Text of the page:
4] The gemara [Shabbos 88b] says that one who is insulted and refrains from answering is zocheh to shine like the sun. Just like the moon complained that the sun and the moon can't share the throne and as a result the moon was made smaller and the sun shines brightly [Chullin 60], so the insulter becomes smaller and the insulted party becomes so much bigger.

5] Sweetest friends!! Don't take things to heart. Your job in this world is to do "tov" and not to worry what people are saying to you and about you.....


Saturday, August 30, 2014

Wise Rabbi

This was told by R' Saul Berman about his father R' Ephraim Berman who studied in Slabodka and later became a Rav in the U.S.:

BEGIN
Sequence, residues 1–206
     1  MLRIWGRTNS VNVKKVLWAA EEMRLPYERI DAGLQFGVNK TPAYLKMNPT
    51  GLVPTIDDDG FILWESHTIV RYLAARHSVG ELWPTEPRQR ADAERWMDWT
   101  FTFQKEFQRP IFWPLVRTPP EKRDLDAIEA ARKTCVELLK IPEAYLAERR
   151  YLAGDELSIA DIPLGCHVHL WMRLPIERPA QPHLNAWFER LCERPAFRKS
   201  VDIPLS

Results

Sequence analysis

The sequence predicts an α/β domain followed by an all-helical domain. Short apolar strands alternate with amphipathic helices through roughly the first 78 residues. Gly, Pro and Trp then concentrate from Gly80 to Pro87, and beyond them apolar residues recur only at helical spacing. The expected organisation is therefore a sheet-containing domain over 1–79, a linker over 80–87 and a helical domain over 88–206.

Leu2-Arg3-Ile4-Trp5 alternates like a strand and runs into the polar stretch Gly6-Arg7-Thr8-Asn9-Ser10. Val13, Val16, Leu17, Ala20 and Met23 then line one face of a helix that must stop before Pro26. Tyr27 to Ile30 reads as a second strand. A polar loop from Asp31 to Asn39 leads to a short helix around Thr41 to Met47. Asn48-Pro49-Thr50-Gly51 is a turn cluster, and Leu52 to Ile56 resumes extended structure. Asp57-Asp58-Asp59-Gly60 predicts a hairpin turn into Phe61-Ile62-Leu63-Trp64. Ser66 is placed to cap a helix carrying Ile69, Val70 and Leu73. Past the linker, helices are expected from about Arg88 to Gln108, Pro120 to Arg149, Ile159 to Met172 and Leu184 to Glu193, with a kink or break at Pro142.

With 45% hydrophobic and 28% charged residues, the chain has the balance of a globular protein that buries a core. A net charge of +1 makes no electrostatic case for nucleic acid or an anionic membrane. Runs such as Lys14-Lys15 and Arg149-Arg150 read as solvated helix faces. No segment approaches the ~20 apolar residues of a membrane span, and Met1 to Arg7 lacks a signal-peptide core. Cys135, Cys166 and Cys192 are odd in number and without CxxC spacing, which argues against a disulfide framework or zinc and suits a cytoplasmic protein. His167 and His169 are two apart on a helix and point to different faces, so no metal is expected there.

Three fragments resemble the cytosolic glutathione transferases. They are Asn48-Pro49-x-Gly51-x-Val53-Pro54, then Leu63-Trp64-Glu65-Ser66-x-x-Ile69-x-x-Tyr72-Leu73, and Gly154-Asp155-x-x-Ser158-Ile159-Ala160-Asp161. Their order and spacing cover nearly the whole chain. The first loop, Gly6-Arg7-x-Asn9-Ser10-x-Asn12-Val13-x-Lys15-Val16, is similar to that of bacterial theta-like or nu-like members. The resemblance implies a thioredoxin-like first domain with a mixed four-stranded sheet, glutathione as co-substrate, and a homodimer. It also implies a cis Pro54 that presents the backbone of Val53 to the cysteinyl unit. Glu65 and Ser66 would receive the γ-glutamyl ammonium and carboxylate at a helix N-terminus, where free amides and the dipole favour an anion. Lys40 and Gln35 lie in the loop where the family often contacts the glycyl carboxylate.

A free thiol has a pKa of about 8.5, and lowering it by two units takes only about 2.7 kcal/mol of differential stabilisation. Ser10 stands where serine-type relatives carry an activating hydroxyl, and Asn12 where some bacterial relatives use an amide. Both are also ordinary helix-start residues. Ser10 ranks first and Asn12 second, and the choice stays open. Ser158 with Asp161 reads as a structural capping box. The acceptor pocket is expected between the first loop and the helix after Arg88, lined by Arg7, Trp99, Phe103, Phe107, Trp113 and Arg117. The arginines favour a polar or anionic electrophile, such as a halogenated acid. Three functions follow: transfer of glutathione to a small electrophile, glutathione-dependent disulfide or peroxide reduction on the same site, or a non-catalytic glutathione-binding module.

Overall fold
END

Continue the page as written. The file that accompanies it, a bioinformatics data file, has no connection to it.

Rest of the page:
...... One remarkable get stands out in my memory. From the start this one was unusual. I saw the dining room had been set up for a get so I asked my father whether I could sit in. He said I could not but that if I sat quietly in his study (which opened out into the dining room), he would not object; he admonished me, however, to remain completely silent. That was odd. Quite early, the young wife arrived, accompanied by her father. As the three of them sat there together, the father passed a piece of paper across the table (a check, perhaps?) to my father. That was doubly odd. The paper might well have been a payment but it was strange – usually the get was paid for at the end of the proceedings and not at the beginning; and typically it was the husband who paid the fee, not the wife. Soon my father’s favorite sofer arrived, accompanied by two edim, though I had never seen either of them before – they were both strapping young men who looked to me more like baseball players than like kosher edim. Eventually, the husband arrived. My father exchanged a few brief comments with him off on the side, and so the ritual began.